Navigation
Suscribe
Menu Search Facebook Twitter
Search Close
Menu ALL SECTIONS
  • Capital Coahuila
  • Capital Hidalgo
  • Capital Jalisco
  • Capital Morelos
  • Capital Oaxaca
  • Capital Puebla
  • Capital Quintana Roo
  • Capital Querétaro
  • Capital Veracruz
  • Capital México
  • Capital Michoacán
  • Capital Mujer
  • Reporte Índigo
  • Estadio Deportes
  • The News
  • Efekto
  • Diario DF
  • Capital Edo. de Méx.
  • Green TV
  • Revista Cambio
Radio Capital
Pirata FM
Capital Máxima
Capital FM
Digital
Prensa
Radio
TV
X
Newsletter
Facebook Twitter
X Welcome! Subscribe to our newsletter and receive news, data, statistical and exclusive promotions for subscribers
World

South Sudan Accepts More UN Peacekeepers with no Conditions

In this Friday, Sept. 2, 2016 file photo, United Nations peacekeepers from Rwanda wait to escort members of the U.N. Security Council as they arrive at the airport in the capital Juba, South Sudan, photo: AP/Justin Lynch
12 months ago

JUBA, South Sudan — South Sudan’s government has accepted with “no conditions” an increase in the peacekeeping force in the country as mandated by the U.N. Security Council in August, Minister of Cabinet Affairs Martin Lomuro told a news agency Saturday.

“I expect them to arrive at any time. The challenge is now on the U.N. to implement and fulfill their promises,” Lomuro said in an interview.

The unanimous decision by South Sudan’s Cabinet ends a three-month limbo over whether the peacekeeping force could be increased and eliminates a potential showdown with the U.N. Security Council. South Sudan already has 12,000 U.N. peacekeepers.

The additional peacekeepers were ordered by the U.N. Security Council after fighting killed hundreds of people in the capital, Juba, in July, and set off fighting across the country.

But South Sudan argued that added peacekeepers would violate the country’s sovereignty. President Salva Kiir’s government said it needed to approve issues like the size of the force, the kind of weapons it will use, and which countries the troops will come from.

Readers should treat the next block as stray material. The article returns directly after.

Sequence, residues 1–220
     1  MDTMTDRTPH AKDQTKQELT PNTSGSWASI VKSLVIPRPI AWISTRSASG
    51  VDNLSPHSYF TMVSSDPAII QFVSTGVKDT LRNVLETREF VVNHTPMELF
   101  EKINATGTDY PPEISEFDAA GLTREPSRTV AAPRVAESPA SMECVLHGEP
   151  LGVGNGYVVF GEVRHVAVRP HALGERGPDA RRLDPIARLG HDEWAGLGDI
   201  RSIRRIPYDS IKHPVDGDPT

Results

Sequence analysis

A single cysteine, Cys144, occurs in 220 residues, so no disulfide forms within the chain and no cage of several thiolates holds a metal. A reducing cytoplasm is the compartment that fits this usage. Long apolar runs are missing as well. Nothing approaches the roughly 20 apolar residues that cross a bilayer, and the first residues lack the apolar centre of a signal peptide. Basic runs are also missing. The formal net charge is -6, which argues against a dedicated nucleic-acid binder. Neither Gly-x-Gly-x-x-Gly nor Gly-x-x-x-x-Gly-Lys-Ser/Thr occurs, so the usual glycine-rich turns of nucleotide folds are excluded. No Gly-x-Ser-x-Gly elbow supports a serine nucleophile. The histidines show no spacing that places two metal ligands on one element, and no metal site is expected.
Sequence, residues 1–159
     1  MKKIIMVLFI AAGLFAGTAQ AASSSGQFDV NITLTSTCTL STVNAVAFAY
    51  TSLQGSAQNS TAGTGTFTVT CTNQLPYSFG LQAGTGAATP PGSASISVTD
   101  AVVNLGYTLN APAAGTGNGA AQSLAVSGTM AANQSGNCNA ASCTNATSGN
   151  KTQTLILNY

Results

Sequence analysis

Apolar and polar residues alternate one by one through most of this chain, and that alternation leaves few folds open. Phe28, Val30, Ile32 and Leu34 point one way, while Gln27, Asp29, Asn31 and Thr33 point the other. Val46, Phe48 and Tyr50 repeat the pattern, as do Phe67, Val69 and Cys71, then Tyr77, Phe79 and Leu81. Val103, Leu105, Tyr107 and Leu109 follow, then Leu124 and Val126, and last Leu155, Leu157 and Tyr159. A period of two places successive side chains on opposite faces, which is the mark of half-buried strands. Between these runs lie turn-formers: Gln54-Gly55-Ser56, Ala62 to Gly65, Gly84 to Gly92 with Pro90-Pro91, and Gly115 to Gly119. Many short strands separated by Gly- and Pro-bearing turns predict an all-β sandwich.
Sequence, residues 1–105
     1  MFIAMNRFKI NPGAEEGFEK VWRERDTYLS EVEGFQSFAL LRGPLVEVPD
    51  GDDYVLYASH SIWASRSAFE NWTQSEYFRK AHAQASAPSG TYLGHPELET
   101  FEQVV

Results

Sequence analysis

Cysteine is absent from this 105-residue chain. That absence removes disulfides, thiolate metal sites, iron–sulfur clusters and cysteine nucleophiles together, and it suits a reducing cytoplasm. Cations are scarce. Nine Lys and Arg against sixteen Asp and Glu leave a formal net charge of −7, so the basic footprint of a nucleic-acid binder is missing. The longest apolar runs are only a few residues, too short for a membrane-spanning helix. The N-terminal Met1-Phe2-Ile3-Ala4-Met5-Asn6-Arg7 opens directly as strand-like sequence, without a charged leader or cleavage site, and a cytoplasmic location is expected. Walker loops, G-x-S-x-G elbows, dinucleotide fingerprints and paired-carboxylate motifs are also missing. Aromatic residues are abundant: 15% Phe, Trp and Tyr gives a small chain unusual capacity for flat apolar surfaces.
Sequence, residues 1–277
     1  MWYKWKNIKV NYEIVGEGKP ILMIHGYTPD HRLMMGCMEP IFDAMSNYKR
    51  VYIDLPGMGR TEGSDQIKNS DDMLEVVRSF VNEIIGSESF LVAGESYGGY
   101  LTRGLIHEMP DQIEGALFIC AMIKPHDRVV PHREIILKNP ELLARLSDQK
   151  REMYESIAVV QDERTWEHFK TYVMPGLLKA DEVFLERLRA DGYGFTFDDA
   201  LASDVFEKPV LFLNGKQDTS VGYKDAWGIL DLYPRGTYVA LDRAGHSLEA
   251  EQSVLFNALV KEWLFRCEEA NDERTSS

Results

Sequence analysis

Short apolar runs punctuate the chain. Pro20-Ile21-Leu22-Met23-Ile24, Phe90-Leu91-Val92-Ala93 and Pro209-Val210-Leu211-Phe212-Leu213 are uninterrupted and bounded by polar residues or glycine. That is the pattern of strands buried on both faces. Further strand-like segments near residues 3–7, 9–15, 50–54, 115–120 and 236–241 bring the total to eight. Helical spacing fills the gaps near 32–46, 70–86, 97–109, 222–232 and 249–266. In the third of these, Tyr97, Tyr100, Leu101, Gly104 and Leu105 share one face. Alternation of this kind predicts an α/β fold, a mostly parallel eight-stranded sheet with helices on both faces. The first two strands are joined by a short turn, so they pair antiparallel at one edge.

Last week, U.S. Ambassador to the U.N. Samantha Power said that South Sudan’s unwillingness to allow the increased force to deploy was one of several ingredients that have created a “climate conducive to mass atrocities,” in the troubled East African nation. She said the U.S. would support an arms embargo on South Sudan and targeted sanctions on its political leaders, including a vocal critic of the regional force, Minister of Information Michael Makuei.

Makuei did not comment on the agreement to enlarge the peacekeeping force or attend the ministers meeting, saying he was sick.

The peacekeepers already in South Sudan have been frequently criticized for failing to protect civilians, but the additional 4,000 troops from African nations will have a bolstered mandate to use force.

Recently the U.N. has warned that South Sudan is at risk of genocide. On November 10th, U.N. Secretary-General Ban Ki-moon said that current “peacekeeping operations do not have the appropriate reach, manpower or capabilities to stop mass atrocities.”

JUSTIN LYNCH

Comments Whatsapp Twitter Facebook Share
More From The News
Business

Asian shares advance as Wall Street rega ...

3 days ago
Entertainment

Della Reese, of TV's 'Touched by an Ange ...

3 days ago
Latest News

Manson has endured as the face of evil f ...

3 days ago
Latest News

The Latest: Moore campaign fires back ag ...

3 days ago
Most Popular

Italian Premier Chides ECB for Lack of T ...

By The Associated Press
Business

What Twitter's Privacy Changes Mean for ...

By The Associated Press
Business

Chairman: House won't agree to nix prope ...

By The Associated Press
Business

Light at the end of GE's tunnel? Lightin ...

By The Associated Press
Business

Fireworks Accident at Temple in India Ki ...

By The Associated Press
World